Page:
Chapter 146835665

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Chapter NumberXIV
Chapter Title
Chapter Url
Full Date1891-07-09
Page Number1
Word Count1556
Last Corrected0000-00-00
Newspaper TitleThe Narracoorte Herald (SA : 1875 - 1954)
Trove TitleO'Neil M'Darragh, the Irish Detective; or, The Strategy of a Brave Man
article text


All idea of the stranger being a flat had now vanished, and was succeeded by the Impres sion that he was j ret the opposite,a thorough bred sharper.

The fourth .deal commenced, and again the blond6 made his bet, laying £20 upon a cer

tain eard. I

No one followed his bet, and after a few slides the strange blonde won, and raked in


- now began to show unmistak able signs of uneasiness, although he said nothing.

The coutest had narrowed down to a play against a deal.

The blonde did .not falter.

Recognising that -he was left alone, he changed his tactics and bet recklessly, and at

the end of two deals he rose from the table

EVEN 1 |

He had neither lost nor won. j With a laugh he signified that he was done j and the gams assumed its old phase with the old stand-bys who won and lost day in and day out.

Daring the game the blonde had managed to get on pretty familiar terms with Indian


When he closed the game he &Eked Jack to

drink with him.

While taking their Tqnor the latter, in an adroit way, managed, after the style of all • designing gamblers, to tell something about himself in a seeming artless and off-handed


The substance of his information was that he was the son of an Indian planter.

That he had come to Sydney to have some


As usual,he had run short cf fund?,having been unlucky at play, aud was daily expect ing remittances.

The detective pretended to believe all that bis new friend told him, and simulated great delight at making the rich, but temporarily unfortunate, gentleman's acquaintance.

Afte'r their familiarity had progressed suf ficiently, Jack said :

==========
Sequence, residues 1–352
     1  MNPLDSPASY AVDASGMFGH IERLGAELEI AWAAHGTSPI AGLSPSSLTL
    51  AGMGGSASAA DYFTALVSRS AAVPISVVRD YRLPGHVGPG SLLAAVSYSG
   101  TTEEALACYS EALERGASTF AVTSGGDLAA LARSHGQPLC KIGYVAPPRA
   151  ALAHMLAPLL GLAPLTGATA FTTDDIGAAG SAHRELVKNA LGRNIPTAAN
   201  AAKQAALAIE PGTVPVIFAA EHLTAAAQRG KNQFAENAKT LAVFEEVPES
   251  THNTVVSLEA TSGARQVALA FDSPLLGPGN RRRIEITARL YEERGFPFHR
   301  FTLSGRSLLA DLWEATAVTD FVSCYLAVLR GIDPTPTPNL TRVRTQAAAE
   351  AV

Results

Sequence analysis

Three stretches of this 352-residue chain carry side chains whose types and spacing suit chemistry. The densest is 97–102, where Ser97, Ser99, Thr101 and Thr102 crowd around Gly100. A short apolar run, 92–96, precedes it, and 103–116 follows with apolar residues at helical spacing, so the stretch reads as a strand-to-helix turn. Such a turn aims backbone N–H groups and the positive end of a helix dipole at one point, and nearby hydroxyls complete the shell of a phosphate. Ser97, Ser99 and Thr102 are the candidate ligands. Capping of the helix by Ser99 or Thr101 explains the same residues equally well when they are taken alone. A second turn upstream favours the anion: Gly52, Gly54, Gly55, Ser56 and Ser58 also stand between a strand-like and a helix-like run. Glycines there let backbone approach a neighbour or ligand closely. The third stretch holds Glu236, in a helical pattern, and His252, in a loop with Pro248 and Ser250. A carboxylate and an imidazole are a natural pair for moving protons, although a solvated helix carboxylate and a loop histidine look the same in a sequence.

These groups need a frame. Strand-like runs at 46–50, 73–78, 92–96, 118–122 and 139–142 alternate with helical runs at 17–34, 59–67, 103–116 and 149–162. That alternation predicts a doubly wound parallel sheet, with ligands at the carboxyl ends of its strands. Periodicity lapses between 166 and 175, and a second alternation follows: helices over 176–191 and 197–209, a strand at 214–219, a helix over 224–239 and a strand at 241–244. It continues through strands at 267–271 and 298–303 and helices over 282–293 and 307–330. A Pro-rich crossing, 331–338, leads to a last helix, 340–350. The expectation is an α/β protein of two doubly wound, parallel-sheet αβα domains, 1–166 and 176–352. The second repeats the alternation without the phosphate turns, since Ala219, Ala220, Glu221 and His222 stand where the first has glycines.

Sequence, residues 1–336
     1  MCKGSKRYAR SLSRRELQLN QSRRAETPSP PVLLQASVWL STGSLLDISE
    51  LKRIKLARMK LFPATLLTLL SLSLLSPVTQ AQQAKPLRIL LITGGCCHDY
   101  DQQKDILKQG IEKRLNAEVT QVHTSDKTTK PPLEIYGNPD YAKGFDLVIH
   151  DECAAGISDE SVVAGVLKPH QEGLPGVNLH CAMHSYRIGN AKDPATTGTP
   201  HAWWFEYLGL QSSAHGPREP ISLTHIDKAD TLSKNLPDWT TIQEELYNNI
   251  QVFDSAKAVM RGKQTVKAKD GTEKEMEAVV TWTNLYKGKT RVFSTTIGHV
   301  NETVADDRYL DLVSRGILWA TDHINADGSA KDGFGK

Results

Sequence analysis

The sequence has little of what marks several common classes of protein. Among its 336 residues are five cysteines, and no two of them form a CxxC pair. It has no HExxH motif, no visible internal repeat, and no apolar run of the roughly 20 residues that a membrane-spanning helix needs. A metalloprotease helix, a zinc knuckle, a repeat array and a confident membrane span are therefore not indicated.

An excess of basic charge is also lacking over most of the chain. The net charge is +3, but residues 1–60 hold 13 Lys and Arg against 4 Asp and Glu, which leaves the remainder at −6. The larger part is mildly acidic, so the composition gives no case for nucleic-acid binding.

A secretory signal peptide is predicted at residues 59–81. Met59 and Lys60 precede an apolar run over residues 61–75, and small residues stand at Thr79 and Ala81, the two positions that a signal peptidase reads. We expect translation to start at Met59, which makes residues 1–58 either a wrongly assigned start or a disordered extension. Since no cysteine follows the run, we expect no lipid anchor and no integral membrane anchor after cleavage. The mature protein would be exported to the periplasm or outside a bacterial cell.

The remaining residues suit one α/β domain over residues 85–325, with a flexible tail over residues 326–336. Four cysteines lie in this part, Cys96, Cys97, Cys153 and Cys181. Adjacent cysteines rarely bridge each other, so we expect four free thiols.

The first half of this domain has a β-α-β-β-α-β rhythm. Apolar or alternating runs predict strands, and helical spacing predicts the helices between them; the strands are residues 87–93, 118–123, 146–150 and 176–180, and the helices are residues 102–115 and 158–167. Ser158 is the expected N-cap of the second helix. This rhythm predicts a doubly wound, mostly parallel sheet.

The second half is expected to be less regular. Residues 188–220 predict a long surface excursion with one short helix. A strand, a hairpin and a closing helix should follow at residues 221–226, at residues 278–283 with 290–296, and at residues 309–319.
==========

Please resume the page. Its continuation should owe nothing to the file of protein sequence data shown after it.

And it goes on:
• You ought to have jumped the game when you wera ahead.'

' Oh, I was just playing for fun,' answered |

the blonde.

4 You must- be fortunate not to care to win. said Jack; adding, * although my father keeps me well supplied, still it is always a great delight for me to win.'

»Let's go and have some sapper,' said the . detective, in an oil hand way. i

Jack hesitated a moment.

* Come,' said the blonde, * I am hungry as & bear ; and after we have had something to eat we can sail into some other crib and take another wrestle with the ' tiger.'

The last remark settled the matter in Indian Jack's mind, and the two men left

the saloon. 4

Jack had t jld his name, and had learned that his new friend's name was Alexander


The detective had fallen back upon his old simpleton style of aciion and talk.

He laughed in an affected, womanish Eort of way at every little remark,and made a good many foolish-speeches.

The two went to supper, and after supper entered another gambling-place.

Indian Jack led the way to the place, and appeared to be on good terms with every one -In the whole establishment.

Jack also acted as the player,"the blende advancing the money.

Jack lost.

Alexander Leslie then undertook to take up the playing."

Strangely enough the latter not only won back what Jack lest, but a hundred pounds

over. j

Jack now proposed that they should visit J a certain steamship, where they could get into another game, with a number of Indian


' I owe them a grudge, and should like to beat them,' said Jack, adding: 4"With yonr iuak and cool nerve I think we could go light through them.'

O'Neil was playing his game well. j ! He knew what this proposition meant,when !

the half-breed proposed that they should go j down and play on a steamship.

While apparently indifferent when show- j ing his wealth, the detective watched hie companion, and plainly read the thoughts that were paesing in his mind.

It was a dark, starless night when the two men etartcd toward the point where the steamer was supposed to be.

Passing along, the h&if-breed gave an ink ling of a part of his game, by saying:

41 suppose we ought to divide up on the night's winnings V